7.30pm. Nigel, the vet, appeared with sweat on his brow  “we are struggling to get the joint back into place”. It felt even more like casualty.

  8.00pm. Nigel came back looking much happier, he had been successful. All I could do was thank him for his skill and persistence.

  8.30pm. Seth had come round from his anaesthetic and was back in his basket. There had been no other injuries. I was given instructions for the next 24hours or so, and  took him home. We both slept well.

  Over the weekend he was placed in a roomy cage in the kitchen to give him space but avoid over movement. He slowly showed his indomitable spirit and demanded food. I gave him some chicken pieces as a treat. When he stood up, both rear legs seemed supportive. He complied with his restriction with a knowing look.

  Back at the vets for a check-up on Monday morning. All the staff seemed pleased, and no doubt relieved to see him well. The star took it all in his stride (no pun intended) Keep him in the cage for a month to ensure there is no strain on the joint was the advice. He will need lots more treats! Thankfully, I have no plans to be away, so I can give him all the attention he deserves.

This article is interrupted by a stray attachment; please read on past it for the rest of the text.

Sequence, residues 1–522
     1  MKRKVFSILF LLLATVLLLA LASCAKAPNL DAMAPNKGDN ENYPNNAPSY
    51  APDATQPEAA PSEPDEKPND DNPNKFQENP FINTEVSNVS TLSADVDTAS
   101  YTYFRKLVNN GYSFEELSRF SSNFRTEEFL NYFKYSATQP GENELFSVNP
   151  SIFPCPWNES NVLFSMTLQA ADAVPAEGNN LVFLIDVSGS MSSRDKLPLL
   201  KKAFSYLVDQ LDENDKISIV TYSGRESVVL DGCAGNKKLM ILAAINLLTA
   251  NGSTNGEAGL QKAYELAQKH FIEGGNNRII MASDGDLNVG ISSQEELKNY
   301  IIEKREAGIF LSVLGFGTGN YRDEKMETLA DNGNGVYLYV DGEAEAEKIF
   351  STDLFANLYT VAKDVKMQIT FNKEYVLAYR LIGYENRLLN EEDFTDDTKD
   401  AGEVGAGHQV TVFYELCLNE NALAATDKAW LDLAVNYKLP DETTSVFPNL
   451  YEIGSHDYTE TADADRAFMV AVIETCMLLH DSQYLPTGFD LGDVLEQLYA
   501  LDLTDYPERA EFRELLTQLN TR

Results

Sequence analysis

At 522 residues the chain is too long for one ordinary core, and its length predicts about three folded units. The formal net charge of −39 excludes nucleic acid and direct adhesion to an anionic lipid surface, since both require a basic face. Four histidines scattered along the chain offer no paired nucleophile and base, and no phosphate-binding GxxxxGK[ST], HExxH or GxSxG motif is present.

He can’t tell me what had happened — just another of his nine lives.

 

BEST OF A BAD JOB – MOOR PARK.

Saturday 5th December.  1.5 miles.  Preston.

How can I put this, am I anxious or annoyed?

To start with I was anxious, Chris my son had arranged [24hours previously] to come up to Longridge at 12noon for a socially distanced walk up on the Fell. He never arrived. Phoning his house brought no reply, I know when he is on ‘nights’  he switches the phone to silent in the day. More phoning was to no avail and his mobile was switched off. At one o’clock I felt I had to investigate and drove down to Preston. His car was in the street and all his curtains drawn. No answer to my knocking on his door.